This story has been told by judges and family division masters in Montgomery County many times but it bears repeating. A couple stands before the judge in a highly disputed child custody case. The judge turns to the mother and says, “Ma'am, do you love your child?” To which she replies, “Of course I do!” He then turns to the father and asks the same question. “But of course I love my child.” The judge turns to them both and says sternly, “Well I do not. Why in the world you would want someone like me making decisions for you and your child is beyond me. Now go outside and try to work this out between you like adults and parents or else I am going to make a decision that I guarantee you neither will be happy with.”
Typically, no one is happy when the court has to decide who a child gets to live with and when the other parent can see the child and under what circumstances. It is almost always better for the parties to agree between them as to these matters rather than leaving it to the court. The system itself is set up to strongly encourage settlement between the parties. There are court facilitators available at no cost after the scheduling conference to try and assist the parties in coming to an agreement. The court often orders mediation as well to try and get the parties to agree. And the whole point of what's known as collaborative law is to remove the court from the process and rely upon the parties to fashion their own parenting plan addressing custody and visitation.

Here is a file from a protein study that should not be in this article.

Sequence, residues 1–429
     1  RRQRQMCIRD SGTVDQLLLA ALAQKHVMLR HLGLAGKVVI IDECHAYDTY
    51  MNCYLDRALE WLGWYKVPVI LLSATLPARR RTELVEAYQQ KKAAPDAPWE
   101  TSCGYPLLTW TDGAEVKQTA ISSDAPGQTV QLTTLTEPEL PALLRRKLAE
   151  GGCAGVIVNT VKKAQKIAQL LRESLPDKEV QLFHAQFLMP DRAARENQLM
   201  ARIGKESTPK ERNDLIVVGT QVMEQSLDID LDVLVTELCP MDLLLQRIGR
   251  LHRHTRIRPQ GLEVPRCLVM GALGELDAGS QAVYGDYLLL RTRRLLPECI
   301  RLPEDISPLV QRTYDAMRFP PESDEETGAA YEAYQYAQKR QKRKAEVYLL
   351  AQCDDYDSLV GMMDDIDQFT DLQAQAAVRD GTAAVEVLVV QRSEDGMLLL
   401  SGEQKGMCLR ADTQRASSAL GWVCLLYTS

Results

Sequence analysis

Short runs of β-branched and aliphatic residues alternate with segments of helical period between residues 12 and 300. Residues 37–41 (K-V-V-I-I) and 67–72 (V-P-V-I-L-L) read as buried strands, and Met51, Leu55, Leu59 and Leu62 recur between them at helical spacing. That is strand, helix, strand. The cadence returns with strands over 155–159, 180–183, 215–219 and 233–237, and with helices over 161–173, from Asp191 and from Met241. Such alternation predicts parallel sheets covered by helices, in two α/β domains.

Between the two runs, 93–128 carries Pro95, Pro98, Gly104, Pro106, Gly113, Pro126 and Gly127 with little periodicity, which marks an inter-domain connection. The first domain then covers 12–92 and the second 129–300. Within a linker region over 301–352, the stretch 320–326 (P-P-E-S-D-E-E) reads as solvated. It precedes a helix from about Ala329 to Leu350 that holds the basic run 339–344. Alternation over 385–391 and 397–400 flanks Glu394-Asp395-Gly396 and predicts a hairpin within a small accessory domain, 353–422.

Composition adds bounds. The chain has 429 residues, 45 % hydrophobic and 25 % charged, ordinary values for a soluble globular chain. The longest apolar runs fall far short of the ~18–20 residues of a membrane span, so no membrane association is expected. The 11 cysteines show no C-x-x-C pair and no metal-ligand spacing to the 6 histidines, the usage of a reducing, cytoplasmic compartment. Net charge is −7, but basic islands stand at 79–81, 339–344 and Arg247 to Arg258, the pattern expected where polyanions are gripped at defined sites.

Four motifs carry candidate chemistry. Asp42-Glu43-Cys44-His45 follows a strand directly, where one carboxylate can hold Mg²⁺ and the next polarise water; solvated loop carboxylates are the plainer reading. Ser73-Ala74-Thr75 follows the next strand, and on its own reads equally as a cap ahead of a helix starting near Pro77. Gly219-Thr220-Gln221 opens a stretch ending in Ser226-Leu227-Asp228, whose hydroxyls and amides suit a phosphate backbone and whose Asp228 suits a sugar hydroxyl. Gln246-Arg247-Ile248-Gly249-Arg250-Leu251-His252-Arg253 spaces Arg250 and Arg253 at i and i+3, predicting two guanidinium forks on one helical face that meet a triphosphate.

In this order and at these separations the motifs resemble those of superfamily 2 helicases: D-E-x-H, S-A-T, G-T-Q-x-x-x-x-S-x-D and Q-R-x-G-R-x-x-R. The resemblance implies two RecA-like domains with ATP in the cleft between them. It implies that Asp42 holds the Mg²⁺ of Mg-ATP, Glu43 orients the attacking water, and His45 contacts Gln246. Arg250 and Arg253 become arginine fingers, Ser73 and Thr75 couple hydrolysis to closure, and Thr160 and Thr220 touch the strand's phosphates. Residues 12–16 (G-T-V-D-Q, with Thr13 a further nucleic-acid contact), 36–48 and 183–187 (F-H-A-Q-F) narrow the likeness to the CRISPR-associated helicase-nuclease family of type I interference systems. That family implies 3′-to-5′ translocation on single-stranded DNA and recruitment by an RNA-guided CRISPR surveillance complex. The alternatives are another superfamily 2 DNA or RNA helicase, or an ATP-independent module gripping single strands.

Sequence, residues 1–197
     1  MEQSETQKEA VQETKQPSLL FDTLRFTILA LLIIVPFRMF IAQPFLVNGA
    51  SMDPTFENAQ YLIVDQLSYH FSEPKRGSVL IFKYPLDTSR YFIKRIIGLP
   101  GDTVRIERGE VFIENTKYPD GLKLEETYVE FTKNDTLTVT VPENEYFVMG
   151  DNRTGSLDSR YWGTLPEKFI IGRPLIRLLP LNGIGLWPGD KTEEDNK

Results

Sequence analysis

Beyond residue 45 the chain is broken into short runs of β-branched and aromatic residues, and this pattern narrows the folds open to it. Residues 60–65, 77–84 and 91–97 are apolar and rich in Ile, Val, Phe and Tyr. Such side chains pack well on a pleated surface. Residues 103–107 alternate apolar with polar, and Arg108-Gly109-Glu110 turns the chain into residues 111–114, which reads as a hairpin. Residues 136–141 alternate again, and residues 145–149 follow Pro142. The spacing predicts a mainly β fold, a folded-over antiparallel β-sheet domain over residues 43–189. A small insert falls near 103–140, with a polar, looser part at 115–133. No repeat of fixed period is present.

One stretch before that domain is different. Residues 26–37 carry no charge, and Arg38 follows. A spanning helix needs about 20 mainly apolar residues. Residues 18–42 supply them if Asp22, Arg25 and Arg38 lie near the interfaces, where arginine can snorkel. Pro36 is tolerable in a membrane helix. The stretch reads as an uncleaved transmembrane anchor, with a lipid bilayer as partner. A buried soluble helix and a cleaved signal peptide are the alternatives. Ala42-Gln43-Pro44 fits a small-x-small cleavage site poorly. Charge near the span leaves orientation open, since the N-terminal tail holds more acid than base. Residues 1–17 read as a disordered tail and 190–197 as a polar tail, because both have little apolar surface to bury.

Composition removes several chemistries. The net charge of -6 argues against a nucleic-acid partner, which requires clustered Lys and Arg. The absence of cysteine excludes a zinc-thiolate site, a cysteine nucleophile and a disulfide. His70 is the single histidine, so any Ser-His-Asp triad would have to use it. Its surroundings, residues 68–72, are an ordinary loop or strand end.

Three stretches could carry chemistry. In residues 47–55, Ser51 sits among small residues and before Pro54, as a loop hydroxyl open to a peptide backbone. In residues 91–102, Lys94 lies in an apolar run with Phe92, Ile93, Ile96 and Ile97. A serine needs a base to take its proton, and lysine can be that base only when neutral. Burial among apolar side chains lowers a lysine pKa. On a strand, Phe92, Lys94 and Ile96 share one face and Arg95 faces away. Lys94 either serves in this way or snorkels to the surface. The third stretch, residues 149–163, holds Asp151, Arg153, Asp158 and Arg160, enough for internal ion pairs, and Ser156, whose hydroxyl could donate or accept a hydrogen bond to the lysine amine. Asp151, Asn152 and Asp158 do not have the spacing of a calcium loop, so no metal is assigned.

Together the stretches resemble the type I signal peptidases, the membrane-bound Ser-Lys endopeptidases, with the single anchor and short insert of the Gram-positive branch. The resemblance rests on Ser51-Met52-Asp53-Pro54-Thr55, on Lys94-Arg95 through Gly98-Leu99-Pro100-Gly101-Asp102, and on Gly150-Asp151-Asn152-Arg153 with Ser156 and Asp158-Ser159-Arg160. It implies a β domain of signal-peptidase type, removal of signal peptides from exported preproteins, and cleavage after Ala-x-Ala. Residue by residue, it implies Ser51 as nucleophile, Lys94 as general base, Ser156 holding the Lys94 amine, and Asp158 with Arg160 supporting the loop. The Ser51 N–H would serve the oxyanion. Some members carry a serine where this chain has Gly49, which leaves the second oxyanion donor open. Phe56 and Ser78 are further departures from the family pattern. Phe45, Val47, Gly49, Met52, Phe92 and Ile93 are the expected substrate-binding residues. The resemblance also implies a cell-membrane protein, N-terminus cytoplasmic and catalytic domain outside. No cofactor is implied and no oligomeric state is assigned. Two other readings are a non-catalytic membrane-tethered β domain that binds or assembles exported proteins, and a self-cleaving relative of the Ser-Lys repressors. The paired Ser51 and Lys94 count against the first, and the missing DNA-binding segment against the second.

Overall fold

I had a recent case in which both parties strongly felt that each should have custody of the minor child. They put all their eggs in one basket and relied on the findings of the court to make this terribly important decision that would affect their lives and that of their child for many years to come. Sadly, the court arrived at a solution that neither party was happy with – much like the story above. Each walked away blaming the system without stopping to consider that it was within their power to have fashioned an agreement of their own choosing. They may not have gotten all they wanted but much of what they would have gotten would have been better than what they ended up with.